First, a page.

Outagamie County (Wis.) State Centennial Committee / Land of the fox, saga of Outagamie County
Baker, Louis C.
Call to worship, pp. 164-185 PDF (10.2 MB)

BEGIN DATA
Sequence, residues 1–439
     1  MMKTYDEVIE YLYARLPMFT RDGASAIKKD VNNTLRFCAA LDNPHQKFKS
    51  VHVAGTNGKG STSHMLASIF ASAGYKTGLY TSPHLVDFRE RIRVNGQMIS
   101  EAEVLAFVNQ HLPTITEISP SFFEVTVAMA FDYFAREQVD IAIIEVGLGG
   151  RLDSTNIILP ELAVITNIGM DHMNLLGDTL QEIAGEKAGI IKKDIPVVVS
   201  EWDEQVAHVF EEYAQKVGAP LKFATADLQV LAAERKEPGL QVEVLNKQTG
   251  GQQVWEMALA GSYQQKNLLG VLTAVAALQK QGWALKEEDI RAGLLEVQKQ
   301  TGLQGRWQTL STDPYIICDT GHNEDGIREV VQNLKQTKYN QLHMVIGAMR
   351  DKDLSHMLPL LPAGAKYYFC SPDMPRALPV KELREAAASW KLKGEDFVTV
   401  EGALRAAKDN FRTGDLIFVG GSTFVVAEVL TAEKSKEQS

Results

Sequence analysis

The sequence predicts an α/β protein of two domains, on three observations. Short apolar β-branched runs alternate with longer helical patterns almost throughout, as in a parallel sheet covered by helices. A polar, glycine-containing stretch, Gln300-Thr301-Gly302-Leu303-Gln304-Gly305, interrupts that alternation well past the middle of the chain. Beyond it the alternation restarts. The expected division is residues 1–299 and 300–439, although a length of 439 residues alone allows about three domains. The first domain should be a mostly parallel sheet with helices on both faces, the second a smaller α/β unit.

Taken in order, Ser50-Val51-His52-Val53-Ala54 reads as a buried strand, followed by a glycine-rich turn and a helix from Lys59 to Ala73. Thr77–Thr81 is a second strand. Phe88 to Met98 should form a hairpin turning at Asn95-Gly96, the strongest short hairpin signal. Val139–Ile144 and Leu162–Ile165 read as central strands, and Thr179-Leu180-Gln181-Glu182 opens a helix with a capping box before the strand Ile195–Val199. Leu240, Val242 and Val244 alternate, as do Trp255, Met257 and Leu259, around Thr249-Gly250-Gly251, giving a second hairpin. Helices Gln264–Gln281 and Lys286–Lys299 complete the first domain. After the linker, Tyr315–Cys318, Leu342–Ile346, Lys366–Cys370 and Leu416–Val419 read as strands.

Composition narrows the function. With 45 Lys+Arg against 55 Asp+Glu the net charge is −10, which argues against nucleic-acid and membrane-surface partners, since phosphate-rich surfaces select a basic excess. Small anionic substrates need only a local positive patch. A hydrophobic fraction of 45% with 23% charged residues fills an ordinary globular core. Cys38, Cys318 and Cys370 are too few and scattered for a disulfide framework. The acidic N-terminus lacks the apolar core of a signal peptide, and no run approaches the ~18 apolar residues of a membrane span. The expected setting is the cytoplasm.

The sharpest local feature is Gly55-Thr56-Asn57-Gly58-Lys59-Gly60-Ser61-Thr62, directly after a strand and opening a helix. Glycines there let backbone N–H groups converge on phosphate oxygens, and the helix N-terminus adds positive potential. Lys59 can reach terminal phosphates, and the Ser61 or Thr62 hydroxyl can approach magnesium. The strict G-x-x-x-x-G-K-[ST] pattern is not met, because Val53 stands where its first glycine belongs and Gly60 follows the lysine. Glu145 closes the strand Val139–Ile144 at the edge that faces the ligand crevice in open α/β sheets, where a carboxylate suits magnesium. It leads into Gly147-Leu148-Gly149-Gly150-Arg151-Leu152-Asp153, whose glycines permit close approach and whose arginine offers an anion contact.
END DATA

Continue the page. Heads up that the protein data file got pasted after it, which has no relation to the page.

CALL TO WORSHIP ning Club, organized in February, 1892, bx Dr. Faville for the enrichment of the SUnday evening service, grew into a suc- cessful institution, the pattern of which was copicd in many of the churches in the Uýnitud States. The Rev. Faville xxas clIed back to Appleton after the Rev. FreJerick Rouse (1899-1907) had resigned ,itidi he remained here until 1917. During this pastorate he was elected mayor of Appleton and served one year, April, 1917 to April, 1918. I-he church has been fortunate in calling good leaders and preachers to carrx on its work during the difficult years that fol- lowed World War I and during World War II. Dr. Harry E. Peabodv served from 1917 to 1935, when he retired; the Rev. John Hanna became one of the favorite preachers in the city (1935-1940); the present pastor, the Rev. Dascomb Forbush has carried out the plans for a nelw addition to the church building. In the county, missionary enterprises spread the influence of Congregationalism. Thie earliest missionaries worked from Neenah and Oshkosh in the region of Dale, Greenville and Hortonville. Elder Keeval (or Keval), ai Baptist, organized groups in these communities in the earl fifties and Elder Clinton, Congregationalist, xvorked With him in union services in a union church which was built in Hortonville in 1859. Here Baptists, Methodists and Con- grcgationai lists held seýrvices alternately or union services and there wxas an initer- d iIomi inational Sunday School in Medina until tile Methodists organized a Sunday School there. The first churchi built by Baptists and Congregationalists is ap- pareniti tIhe second one of this denoti- nation in the county. The Congregation- a lists served by Elder Clinton maintained iheiiseives for sonme years but, xwheni re- d need to two members, decided to sell theireequity in the building to the Baptists. I) is buiIdiing has been torni down. A third Church was built in the Town of Freedom and is a direct ''descendant'' of the Apple- toil congregation. In 1854 a "Classx was organized by a Mrs. Sykes and this little group survived xw ith the help of Elder Clinton and the Appleton congregation. ln the minutes of Wednesday evening, May 8, 1861, we find the following nota- tion: 'Will this church take the responsi- bility of keeping up religious services in the McNab neighborhood (Osborn) twice a month throughi thie coming season?' 'Voted, Yes.'' Twelvc members were listed to go to the above neighborhood xw ihen called on. In 1869 the Appleton church, together xxith churches in Green Bay and Oshkosh, contributed mioney for the construction of a brick church building dedicated Novem her, 1873, located on the John Knox farm about two miles southi of Lime- Rock. In 1882 the church was sold to the Knox familly, who transformned it into a dxwell- ing-hous2. The chapel in Seymour xxas built in 1872 through the efforts of Elder Clilton. After the division of Osborn and Seymour inito two distinct townships sonie of the Osborn congregation found themselves iII Sey'nour and with tile establishment of a village there, formed a small group xxhichi has continued to exist aithough the con- gregation has never been large. A small churchi organized bx the Rex. W. H. Griffth of Seymour was built in Black Creek in 1905 hut it remains dependent oil Seymour for its services. The churchi iII Shliocton owes its founding to F M. Dexter, theni a teaciher in the School in the village, who later became the Rev. F. M. Dexter. A small group began meet- ings in 1875 and in 1877 a churcih was built. For nianix years Wisconsin's famous poet, Eben E. Rexford, served as organist in this churchil xlichi xvas built oil land owned by the Retxford family. Missions were cstablishied in the north- ern and northwestern townshilps which developed later and in which no cities are located. In the Town of Liberty, mission- atries, possibly Elder Clinton aid others, were active lin the early sixties; ii] the Town of Deer Creek a small union chapel served three groups: Danish Lutheran, Congregationalists and Seventh Day Ad-
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